I know its number of states per unit energy but what happens in the case of continuous energy?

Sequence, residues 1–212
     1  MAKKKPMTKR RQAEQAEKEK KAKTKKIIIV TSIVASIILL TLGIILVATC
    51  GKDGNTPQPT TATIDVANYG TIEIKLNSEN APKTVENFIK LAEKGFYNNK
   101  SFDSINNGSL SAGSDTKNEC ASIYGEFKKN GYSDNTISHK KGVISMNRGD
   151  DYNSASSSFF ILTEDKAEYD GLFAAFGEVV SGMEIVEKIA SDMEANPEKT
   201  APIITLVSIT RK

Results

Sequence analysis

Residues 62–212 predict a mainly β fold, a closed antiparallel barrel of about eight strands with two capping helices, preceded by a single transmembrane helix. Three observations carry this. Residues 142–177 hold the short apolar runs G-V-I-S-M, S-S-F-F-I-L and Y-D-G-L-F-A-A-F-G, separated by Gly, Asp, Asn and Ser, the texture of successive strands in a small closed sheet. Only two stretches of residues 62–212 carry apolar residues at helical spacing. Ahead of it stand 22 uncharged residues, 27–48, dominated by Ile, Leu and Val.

The density of states at an energy E in the continuous case is the amount of states between the energies E and E+dE. It's a distribution, much like a continuous probability distribution. In a continuous probability distribution the probability of any SPECIFIC event is 0 since the probability is 1/N (where N is the number of possibilities, which is infinite in a continuous distribution). It's only in the context of an integral OVER A RANGE of possibilities that you get a finite probability. Same with the density of states, in the continuum limit it can really only be interpreted within an integral.
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